Geocaching brings treasure hunting to Williamstown

When different people hear the word “geocaching” (pronounced JEE-oh-cashing), different things immediately come to mind: some may imagine a mineralogist’s research tool, while others envision a get-rich-quick scheme. In reality, however, geocaching is worldwide treasure-hunting game that involves using a set of GPS coordinates to find hidden objects, called caches, in the real world. While many at the College are totally unfamiliar with the activity, communities of “cachers” are active all over the world, including in Williamstown, and although free-to-find “beginner” caches are fairly sparse, they can offer a fun afternoon of exploring and give potential cachers a taste of what the hobby has to offer.

To get started geocaching, would-be adventurers first need to download the Geocaching app, which is free on both iOS and Android app stores. After making an account, users are brought to a map of their local area overlaid with the approximate locations of nearby geocaches. Some caches, identified in green on the app, are accessible to anyone; when cachers move within the geocache’s radius (about 30 feet), they can access a handful of basic clues, and must begin scouring the area – turning over rocks, poking around in trees – for the cache itself, which usually takes the form of a small box or vial. Inside is a list of all the people who have found the geocache and often a handful of trinkets left by previous cachers. Those who find the cache are encouraged to take one of the knickknacks (objects of all shapes, just about anything that could fit in a pocket) and replace it with something of their own. In this way, cachers can keep a pocketful of memories of the caches they have most recently found, and objects can circulate around the community as people move them from cache to cache. Some even have objectives on them, like one plastic coin, originally deposited in a cache near the East coast, that read “Take me to the Pacific!” As cachers pocket these trinkets and leave them in different geocaches, they help solidify the inexplicable bond that members of the geocaching community feel, despite rarely meeting each other in person.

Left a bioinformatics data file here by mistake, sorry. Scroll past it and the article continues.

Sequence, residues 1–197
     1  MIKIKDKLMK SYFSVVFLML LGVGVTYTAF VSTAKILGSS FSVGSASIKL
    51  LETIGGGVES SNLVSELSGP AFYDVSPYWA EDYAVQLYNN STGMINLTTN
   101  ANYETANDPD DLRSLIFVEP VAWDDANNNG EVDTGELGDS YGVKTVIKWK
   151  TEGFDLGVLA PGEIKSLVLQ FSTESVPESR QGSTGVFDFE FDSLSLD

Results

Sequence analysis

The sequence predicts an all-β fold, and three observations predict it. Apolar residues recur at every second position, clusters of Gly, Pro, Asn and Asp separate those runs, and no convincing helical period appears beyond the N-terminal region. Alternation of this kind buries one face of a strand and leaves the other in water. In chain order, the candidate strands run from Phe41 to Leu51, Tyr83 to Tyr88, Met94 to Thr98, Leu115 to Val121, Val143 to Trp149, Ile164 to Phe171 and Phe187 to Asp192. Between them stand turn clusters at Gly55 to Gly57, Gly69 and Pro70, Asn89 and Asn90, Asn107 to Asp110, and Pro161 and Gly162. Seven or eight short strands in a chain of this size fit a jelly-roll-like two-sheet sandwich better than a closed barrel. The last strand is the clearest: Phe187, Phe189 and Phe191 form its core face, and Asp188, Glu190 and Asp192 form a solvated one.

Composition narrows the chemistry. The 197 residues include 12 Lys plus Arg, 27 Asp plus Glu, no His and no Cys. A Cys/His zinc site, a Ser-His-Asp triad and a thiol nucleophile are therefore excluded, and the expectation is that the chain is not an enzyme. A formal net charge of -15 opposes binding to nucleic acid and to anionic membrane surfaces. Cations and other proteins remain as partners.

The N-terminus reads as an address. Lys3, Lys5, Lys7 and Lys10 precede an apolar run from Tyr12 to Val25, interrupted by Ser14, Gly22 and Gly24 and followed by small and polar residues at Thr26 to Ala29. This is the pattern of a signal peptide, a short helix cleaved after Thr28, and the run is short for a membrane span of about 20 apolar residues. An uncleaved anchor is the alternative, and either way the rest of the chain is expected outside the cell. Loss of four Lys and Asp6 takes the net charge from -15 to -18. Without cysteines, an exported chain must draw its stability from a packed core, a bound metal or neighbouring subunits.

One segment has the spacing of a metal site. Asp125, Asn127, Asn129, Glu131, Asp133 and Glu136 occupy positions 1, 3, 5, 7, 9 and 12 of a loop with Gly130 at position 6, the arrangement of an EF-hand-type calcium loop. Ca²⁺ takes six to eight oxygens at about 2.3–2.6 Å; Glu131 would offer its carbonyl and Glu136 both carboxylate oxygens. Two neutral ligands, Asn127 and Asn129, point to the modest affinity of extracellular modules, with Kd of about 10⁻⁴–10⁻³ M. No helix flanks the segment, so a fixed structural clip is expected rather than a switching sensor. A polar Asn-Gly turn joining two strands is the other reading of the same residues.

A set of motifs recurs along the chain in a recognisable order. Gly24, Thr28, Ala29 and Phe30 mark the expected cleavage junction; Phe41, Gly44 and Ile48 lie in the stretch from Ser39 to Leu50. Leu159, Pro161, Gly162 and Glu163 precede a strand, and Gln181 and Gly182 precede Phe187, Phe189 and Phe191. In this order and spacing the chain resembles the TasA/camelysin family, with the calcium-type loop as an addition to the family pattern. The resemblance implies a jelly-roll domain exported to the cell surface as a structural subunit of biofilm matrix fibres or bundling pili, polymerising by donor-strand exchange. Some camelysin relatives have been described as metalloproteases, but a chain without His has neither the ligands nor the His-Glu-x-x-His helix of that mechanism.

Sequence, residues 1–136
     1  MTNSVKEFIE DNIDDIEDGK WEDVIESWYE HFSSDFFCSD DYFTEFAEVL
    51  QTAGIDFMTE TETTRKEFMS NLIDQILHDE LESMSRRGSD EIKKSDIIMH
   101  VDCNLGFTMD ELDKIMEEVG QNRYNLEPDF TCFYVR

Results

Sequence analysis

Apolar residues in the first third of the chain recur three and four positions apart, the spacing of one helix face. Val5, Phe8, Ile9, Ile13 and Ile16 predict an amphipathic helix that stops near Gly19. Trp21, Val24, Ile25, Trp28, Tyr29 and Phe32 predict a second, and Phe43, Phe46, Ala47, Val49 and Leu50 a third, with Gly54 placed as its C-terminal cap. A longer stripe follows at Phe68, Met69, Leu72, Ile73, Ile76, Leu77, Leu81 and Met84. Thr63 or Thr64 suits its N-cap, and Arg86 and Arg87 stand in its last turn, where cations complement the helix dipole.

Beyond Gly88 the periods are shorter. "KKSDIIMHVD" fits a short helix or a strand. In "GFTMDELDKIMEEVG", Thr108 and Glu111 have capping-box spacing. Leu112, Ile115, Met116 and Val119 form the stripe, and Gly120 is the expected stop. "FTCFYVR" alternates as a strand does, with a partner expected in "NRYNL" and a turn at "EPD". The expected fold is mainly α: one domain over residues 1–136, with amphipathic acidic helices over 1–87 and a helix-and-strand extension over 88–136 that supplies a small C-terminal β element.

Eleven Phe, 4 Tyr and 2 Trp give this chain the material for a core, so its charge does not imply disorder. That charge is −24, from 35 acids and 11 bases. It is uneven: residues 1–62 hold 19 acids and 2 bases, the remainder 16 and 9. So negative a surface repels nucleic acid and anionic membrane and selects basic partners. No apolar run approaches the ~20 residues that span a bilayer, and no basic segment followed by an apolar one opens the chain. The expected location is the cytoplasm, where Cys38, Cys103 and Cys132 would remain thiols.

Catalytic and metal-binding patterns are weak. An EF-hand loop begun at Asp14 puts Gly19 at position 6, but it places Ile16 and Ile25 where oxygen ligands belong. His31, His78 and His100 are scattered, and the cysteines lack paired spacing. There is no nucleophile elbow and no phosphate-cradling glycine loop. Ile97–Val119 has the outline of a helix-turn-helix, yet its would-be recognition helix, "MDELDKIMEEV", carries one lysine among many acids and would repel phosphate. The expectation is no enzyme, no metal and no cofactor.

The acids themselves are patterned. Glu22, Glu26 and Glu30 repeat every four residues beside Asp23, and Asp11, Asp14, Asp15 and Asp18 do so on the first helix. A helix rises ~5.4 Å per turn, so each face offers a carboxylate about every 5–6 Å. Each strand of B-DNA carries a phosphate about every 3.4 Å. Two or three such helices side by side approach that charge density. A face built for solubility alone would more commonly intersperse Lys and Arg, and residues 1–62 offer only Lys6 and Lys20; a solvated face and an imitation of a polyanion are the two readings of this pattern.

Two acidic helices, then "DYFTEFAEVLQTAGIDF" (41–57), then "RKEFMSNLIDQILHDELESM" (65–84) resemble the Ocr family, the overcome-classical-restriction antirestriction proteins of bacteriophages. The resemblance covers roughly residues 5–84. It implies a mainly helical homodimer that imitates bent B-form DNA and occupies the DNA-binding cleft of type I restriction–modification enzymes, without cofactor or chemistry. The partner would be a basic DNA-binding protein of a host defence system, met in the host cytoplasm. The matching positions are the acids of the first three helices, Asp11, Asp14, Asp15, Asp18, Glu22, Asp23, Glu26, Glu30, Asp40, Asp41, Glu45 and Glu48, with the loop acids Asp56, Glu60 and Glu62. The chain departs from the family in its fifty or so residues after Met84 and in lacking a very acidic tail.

While this community certainly exists for those who seek it out, geocaching, especially in Williamstown, can make an excellent one-time afternoon excursion as well. Chris Kim ’20 and Emily Elder ’20, despite having no experience in or knowledge of the hobby, still found geocaching to be a great way to spend a warm Sunday. “The idea of little capsules being hidden around otherwise inconspicuous areas is like mini treasure hunt … it’s cool to see these hidden geocaches around such a small town,” Kim said. “It was a fun opportunity to relive my childhood scavenger-hunting glory days and go adventuring with friends,” Elder added. “My favorite part was the thrill of discovery upon finding the geocache and seeing all the little trinkets that people had left over the years.” They both agreed that next time, they would like to bring along more knickknacks for trading, and even some larger items for the handful of bigger, shoebox-sized caches.

After the first few excursions, however, fledgling treasure hunters will soon begin to exhaust the free, “green” caches within walking distance of the College. The more exclusive caches tend to have higher difficulty ratings – they are better hidden, tougher to get to and sometimes even involve solving riddles or visiting different locations to find. While users on normal accounts can see generally where the more advanced caches are, however, they are frustratingly unable to see any of the more specific details needed to seek them out. To fully access these caches, users must upgrade to a Premium account.For those who are particularly fascinated and willing to shoulder the subscription fee, Williamstown does offer a good number of these more intense caches.

Despite the annoying subscription barrier, just sticking to the free caches can still be a rewarding experience. “Geocaching is a spectacular opportunity to get outdoors and explore the community,” cacher Rainer Wasinger ’19 said. “There’s not all that much in Williamstown, but it is definitely a great one-day excursion to find a few caches scattered around town.” Any details about specific caches have been intentionally omitted from this article – that’s for the cachers themselves to discover!